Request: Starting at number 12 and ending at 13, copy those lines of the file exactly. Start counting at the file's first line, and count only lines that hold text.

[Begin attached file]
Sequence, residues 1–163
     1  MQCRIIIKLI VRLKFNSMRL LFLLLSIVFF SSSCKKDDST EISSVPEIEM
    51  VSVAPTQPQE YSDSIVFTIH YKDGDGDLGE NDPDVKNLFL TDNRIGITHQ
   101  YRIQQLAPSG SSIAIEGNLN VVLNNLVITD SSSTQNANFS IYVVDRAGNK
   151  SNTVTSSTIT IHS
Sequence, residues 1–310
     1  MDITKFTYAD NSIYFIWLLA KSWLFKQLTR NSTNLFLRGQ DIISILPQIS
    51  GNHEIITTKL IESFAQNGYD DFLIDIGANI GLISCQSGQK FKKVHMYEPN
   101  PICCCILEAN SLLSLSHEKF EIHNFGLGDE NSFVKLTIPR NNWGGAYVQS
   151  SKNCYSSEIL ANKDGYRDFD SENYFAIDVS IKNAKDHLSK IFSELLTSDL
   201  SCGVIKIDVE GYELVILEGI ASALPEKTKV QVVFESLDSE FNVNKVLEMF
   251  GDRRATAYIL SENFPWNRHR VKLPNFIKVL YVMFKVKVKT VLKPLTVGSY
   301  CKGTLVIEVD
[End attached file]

   251  GDRRATAYIL SENFPWNRHR VKLPNFIKVL YVMFKVKVKT VLKPLTVGSY
   301  CKGTLVIEVD